National Security Agency (NSA) whistle-blower Edward Snowden spoke out for the first time since disappearing from his Hong Kong hotel to hail the city’s residents and praise its legal institutions. Speaking exclusively to the South China Morning Post, the former CIA contractor, who revealed details of mass spying allegedly conducted by the U.S. government, said he wanted “the courts and people of Hong Kong to decide my fate” and that he had “no reason to doubt your system.” But while the 29-year-old vowed to fight extradition to the U.S., new espionage allegations risk inviting trouble locally.
Snowden has been in hiding in Hong Kong since coming forward on Sunday as the source of classified material leaked to the Guardian and Washington Post. The U.S. Justice Department is currently investigating charges and will likely ask for the IT consultant to be surrendered for trial in his homeland. Snowden also made fresh allegations that the U.S. government had been hacking hundreds of computers in Hong Kong and mainland China since 2009. Targets in the city apparently include the Chinese University of Hong Kong, public officials, businesses and students.
But experts warn that Snowden ought to seek legal advice before making any further allegations. Hong Kong has legislation that makes it an offense — punishable by a fine of about $65,000 and two years’ imprisonment — to make a “damaging disclosure” based on confidential information provided by the Hong Kong or Beijing governments. This broad definition could include anything that “would likely cause damage to the work of security and intelligence services,” explains Professor Simon Young, of the Centre for Comparative and Public Law at Hong Kong University. It is still unclear what effect, if any, pending local charges would have on any application for asylum.
Snowden’s appeal through the local press on Thursday appears to be an attempt to buoy support in the territory. Hong Kong is fiercely proud of its quasi independence and has long served as a bastion for civil rights in greater China. Apart from the city’s legacy as a haven for political dissidents fleeing persecution, embattled Hong Kongers have more recently been actively fighting perceived encroachment into local affairs by Beijing. Although officially part of China, the Special Administrative Region enjoys a separate legal system and a fair amount of autonomy under “one country, two systems.” A rally in support of Snowden has been organized on Saturday in conjunction with various local groups.
Hong Kong–based political scientist Peter Chung tells TIME that Snowden is “right to find a place where there is a lot of support for the values he is trying to defend.” Although most people believe Hong Kong courts will abide by existing extradition agreements, the issue is being considered an appraisal of the administration of Chief Executive Leung Chun-ying. “This incident will test the wisdom of both the Chinese and Hong Kong governments,” adds Chung. Leung has been facing criticism recently for seemingly kowtowing to the whims of Beijing.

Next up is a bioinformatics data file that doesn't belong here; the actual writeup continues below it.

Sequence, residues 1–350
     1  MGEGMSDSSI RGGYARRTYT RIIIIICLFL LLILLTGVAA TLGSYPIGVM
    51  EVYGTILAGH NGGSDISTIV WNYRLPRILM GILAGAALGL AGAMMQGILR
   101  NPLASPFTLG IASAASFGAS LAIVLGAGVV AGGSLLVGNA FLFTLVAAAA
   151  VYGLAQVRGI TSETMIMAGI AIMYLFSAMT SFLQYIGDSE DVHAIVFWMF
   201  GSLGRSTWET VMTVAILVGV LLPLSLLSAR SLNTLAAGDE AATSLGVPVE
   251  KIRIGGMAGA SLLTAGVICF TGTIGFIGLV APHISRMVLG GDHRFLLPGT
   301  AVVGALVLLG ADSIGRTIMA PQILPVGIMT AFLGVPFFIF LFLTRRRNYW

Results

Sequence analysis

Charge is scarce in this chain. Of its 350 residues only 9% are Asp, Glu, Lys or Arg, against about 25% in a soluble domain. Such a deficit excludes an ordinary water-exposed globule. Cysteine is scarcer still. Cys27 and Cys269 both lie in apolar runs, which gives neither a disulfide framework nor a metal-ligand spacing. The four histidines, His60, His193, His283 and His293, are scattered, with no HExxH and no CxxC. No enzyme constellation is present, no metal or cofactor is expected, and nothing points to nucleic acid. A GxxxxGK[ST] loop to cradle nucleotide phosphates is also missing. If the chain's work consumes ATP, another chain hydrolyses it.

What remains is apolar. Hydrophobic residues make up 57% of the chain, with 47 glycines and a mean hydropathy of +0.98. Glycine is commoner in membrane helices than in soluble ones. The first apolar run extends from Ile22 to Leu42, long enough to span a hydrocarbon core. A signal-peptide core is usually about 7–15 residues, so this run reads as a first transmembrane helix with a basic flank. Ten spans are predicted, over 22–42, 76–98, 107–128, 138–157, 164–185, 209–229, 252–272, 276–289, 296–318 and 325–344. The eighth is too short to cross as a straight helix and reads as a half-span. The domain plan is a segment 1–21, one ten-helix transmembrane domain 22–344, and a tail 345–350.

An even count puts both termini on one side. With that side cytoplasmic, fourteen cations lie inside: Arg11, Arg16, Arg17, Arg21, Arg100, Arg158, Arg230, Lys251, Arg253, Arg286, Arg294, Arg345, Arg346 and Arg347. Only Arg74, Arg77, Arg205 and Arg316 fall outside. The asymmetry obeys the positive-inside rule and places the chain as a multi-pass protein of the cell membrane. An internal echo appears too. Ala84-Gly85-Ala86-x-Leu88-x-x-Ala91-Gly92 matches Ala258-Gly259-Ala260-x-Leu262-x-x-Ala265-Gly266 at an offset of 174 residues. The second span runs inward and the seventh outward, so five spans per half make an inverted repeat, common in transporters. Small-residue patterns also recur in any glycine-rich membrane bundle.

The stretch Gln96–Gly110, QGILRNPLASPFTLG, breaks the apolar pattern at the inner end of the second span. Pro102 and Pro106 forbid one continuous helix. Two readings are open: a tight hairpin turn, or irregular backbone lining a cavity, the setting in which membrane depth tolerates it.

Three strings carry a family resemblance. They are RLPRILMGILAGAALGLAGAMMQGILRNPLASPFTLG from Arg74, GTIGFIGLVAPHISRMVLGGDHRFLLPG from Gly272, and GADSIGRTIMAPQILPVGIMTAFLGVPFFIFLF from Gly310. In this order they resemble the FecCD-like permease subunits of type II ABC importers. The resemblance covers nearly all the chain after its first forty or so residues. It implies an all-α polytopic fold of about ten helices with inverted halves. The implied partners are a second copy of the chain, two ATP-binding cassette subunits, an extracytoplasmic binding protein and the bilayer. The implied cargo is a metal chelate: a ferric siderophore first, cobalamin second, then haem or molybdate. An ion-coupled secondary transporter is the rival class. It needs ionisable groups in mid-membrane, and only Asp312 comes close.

The timing of Snowden’s revelations also appears to be deliberate. New Chinese President Xi Jinping met Barack Obama for the first time over the weekend, just hours before Snowden came forward as the source of damning allegations regarding the PRISM surveillance program. The two heads of state were due to discuss cybersecurity during the talks in California, as the White House alleges that a significant proportion of recent hacking attempts originate from inside the Middle Kingdom. Allegations that the U.S. is itself engaged in large-scale surveillance, both at home and abroad, could be damaging.
New sources have now emerged to independently corroborate the substance, if not the detail, of Snowden’s allegations. An article published in Foreign Policy quotes numerous anonymous sources within the NSA describing how the American Office of Tailored Access Operations has successfully penetrated computer and telecommunications systems in the People’s Republic of China for almost 15 years. Such revelations will certainly not help Obama convince Xi to weigh into the Snowden affair, especially as any involvement would be vehemently opposed in Hong Kong.
Meanwhile, the head of the NSA has defended the PRISM program by telling a U.S. Senate committee that it has helped prevent “dozens” of terrorist attacks. Officials said last week the e-mail-surveillance program helped foil a 2009 Islamist-militant plot to bomb the New York City subway system. “Great harm has already been done by opening this up,” said NSA Director Keith Alexander. The issue continues to polarize public opinion with Snowden alternately being hailed as a hero and traitor.